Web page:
is a heart problem that means you have an irregular heartbeat, accompanied by a fast heart rhythm.
The rhythm that is irregular is brought on by electrical impulses within the heart that are not normal. The heart can do this continually, or you can have spells where it might happen off and on.
The heart normally works with contractions which is an impulse that is electrical. This is through the right atrium.
Muscle contractions, (which is what your heart is), is what happens when these impulses are traveling through the atrium.
The atrioventricular node is where the impulses reach, which is where the 2 ventricles are of your heart. From that point, there is a hesitation, so that you can give the blood from your atria time to get into the ventricles.
This impulse will go on continually into the ventricles from there, with the actions continuing to cause contractions so that blood is pushed out of the heart as it is supposed to be. All of these actions, make up heartbeats.
People that have a normal heart pattern will have between from 50, but no more then 100 beats per minute. If the heartbeat is faster, this is considered too fast which in medical speaking is called tachycardia. On the other hand, if the heart is going below 50, it is then called bradycardia, which is too slow.
When you have atrial fibrillation, there are impulses, too many at once, that are all trying to run through the atria.
Other characteristics of AF are:
The contractions that are not organized in any way, are extremely fast, causing your atria to contract between 300 beats or many more each minute.
The AV node is effected as these impulses that are not regular hit very rapidly. The impulses naturally, will not all make it past the node as they should. This will cause slower beats in the heart ventricles, between 110 to 180 in a fashion that is not in sync as it should be.
A chest fluttering and pulse that is not in rhythm will happen.
There are many different ways in which atrial fibrillation can occur in the body. They would be:
Persistent This means that the irregularity occurs several times throughout the day and night, but will not go back to normal rhythm as it should. Only a doctor can put a stop to these episodes.
Paroxysmal which is intermittent You have AF at times, then your heartbeats go back into the normal rhythms. It can last from intervals of seconds, or maybe days.
Permanent You always have an AF problem, 24 hours a day, 7 days a week. To get the heart back into the rhythm it should be in cannot happen. Sometimes this is due to other medical reasons.
Is AF common? Yes, many people have this disorder. Sometimes the symptoms will do you no harm. You can have complications from it, but when treated correctly, it should not harm you.
Can you have this problem without other heart disease? Yes. Af is more common in people that are younger, and of whom have no other types of heart problems. The medical profession labels this as lone atrial fibrillation. Some of the causes for lone AF might be:
Too much caffeine
A thyroid problem that is usually overactive thyroid.
You have a blood clot in the lungs which is defined as pulmonary embolism.
Pneumonia makes you susceptible to this problem when the lungs are functioning abnormally from too much fluid build up.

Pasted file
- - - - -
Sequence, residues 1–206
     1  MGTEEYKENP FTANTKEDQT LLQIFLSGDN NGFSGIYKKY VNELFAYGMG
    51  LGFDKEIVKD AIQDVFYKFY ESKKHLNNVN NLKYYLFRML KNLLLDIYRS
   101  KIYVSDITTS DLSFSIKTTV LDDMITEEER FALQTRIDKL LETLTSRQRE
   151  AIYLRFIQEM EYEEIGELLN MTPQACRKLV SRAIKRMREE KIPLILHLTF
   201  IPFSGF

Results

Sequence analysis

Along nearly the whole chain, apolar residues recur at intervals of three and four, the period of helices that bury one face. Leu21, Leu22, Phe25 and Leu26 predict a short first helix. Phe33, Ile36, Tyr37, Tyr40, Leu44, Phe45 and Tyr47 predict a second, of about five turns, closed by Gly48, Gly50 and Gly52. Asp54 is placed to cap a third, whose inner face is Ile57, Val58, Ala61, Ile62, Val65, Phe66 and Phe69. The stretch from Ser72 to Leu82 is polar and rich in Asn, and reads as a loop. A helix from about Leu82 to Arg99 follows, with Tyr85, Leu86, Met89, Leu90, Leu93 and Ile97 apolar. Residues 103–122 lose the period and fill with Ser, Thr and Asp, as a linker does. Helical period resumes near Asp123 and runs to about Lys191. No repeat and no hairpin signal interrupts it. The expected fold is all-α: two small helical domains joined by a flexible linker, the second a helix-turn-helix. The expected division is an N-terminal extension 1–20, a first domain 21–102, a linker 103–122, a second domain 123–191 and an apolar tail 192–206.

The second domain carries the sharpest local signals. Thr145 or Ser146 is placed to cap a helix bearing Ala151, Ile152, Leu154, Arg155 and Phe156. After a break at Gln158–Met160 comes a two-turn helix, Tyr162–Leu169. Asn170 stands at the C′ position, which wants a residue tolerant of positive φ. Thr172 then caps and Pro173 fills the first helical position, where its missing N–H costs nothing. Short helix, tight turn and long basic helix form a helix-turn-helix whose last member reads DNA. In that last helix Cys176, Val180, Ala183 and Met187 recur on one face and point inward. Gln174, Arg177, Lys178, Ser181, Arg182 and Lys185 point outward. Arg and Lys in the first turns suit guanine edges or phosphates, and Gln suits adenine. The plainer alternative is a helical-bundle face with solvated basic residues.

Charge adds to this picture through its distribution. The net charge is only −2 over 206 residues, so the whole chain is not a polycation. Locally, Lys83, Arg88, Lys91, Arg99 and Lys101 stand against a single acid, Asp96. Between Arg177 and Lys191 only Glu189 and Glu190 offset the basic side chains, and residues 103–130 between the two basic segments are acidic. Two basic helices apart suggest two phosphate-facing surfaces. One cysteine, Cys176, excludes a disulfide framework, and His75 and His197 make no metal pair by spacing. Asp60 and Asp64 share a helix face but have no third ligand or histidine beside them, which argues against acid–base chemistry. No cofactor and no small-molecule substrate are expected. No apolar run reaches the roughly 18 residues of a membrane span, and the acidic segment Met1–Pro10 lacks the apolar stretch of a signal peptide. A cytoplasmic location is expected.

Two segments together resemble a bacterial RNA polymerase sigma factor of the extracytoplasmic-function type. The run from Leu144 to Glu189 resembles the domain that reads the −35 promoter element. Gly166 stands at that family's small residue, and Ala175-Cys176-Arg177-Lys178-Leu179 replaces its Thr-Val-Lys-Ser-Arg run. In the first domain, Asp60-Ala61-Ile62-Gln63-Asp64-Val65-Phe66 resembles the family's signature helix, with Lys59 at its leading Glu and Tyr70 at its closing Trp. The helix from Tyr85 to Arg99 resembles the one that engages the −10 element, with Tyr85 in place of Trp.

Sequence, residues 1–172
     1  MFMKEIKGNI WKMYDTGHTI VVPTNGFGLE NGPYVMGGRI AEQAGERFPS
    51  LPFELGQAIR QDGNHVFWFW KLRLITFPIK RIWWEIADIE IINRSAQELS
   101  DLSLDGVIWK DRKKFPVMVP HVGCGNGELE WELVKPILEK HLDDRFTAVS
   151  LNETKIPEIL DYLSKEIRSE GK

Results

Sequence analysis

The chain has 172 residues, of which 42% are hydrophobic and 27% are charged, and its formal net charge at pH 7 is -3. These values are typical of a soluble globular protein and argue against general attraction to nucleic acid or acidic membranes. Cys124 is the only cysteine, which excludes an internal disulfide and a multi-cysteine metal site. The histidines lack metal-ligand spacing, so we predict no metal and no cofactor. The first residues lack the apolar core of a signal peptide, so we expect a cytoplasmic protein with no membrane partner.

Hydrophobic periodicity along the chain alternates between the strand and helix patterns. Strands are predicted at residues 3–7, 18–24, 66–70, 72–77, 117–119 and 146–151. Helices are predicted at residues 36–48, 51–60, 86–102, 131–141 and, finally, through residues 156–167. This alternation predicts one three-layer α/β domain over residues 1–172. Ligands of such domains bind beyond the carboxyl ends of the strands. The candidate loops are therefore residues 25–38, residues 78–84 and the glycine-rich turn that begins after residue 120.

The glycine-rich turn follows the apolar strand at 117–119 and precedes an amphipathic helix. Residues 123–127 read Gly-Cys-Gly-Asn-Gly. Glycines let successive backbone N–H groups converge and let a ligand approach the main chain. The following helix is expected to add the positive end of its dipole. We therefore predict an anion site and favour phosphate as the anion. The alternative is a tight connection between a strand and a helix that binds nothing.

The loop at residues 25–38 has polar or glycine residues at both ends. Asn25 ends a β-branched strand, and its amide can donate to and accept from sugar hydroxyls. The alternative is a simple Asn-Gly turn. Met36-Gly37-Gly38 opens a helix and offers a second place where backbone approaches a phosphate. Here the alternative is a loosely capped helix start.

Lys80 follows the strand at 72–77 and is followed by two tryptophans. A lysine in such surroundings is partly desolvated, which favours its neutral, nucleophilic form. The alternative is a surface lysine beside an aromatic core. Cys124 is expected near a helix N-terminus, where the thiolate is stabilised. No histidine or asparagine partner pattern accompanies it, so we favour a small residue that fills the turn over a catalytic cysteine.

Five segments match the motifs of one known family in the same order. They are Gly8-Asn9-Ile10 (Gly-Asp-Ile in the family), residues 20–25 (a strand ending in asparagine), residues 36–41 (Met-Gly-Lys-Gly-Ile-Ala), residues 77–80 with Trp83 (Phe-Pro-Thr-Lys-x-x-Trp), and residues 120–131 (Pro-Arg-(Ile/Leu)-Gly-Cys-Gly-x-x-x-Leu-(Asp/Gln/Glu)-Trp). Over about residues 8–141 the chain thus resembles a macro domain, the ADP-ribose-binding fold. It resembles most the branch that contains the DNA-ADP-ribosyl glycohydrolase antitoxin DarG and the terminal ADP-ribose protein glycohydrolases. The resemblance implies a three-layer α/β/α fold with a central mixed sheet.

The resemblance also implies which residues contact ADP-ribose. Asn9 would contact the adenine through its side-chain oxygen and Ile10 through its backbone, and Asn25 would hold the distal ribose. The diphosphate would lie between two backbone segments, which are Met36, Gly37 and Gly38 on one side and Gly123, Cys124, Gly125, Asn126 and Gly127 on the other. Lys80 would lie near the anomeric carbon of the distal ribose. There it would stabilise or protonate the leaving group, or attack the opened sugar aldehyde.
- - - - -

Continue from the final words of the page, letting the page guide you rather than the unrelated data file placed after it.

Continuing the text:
If you have other cardiac conditions such as:
So when do you need to get help for this problem?
You need treatment if the Atrial fibrillation comes and goes, or if the problem is making you pass out, or become short on your breath.
If the problem is going on and on, (becoming persistent), and you are getting symptoms that are worse with tiredness, see your doctor,
911 should be called if:
You can't breathe.
You have chest pains
You are fainting
You are weak or light headed
Your heart rates are very rapid and out of control.
What will a doctor do to confirm this problem?
Lab tests can confirm rule out other causes of atrial fibrillation. Your drug levels may be checked to be certain that there are enough of medications for atrial fibrillations in your system.
EKG's are helpful to confirm damages to the heart from atrial fibrillation.
24 Hour Heart Monitors are helpful to be able to tell just what exactly is going on with the impulses in your heart activity.
Complete blood cell counts can give the doctors clues for heart injury by this measurement as well as your heart medication levels in the blood such as Digitalis, for example.
Potassium levels may be looked at to see whether or not this is bringing on AF. Electrolytes imbalances can interfere with electrical impulses within the heart.
Echocardiograms can tell the doctor if you have an enlarged heart or not. This is a great test for a lot of heart problems and tells much more than an EKG or 24 hour monitor worn.
In extreme cases of Atrial fibrillation, a pacemaker may be put in to regulate the heartbeats. Radiofrequency can be used with it, which in turn, makes the atria not connected to the ventricle. The heart is then completely blocked, making the heart rely on the pacemaker which is in the right ventricle.
Doctors can give medicines which do help control and regulate heartbeats. Beta-blockers often help to slow down the rate of the heart. It will reach the AV node, and slows down the conduction there. The heart is relieved of having to have more oxygen, and the blood pressure should become normalized.
Cardizem is a calcium channel blocking drug. It can help in the same way a beta-blocker does by slowing the heart rate, and lowering your blood pressure.
If blood clotting is a problem, blood thinners will be used such as Coumadin. It will prevent clotting of the blood that can happen with AF. This drug needs to be used with strict caution as it can have many unwanted side effects.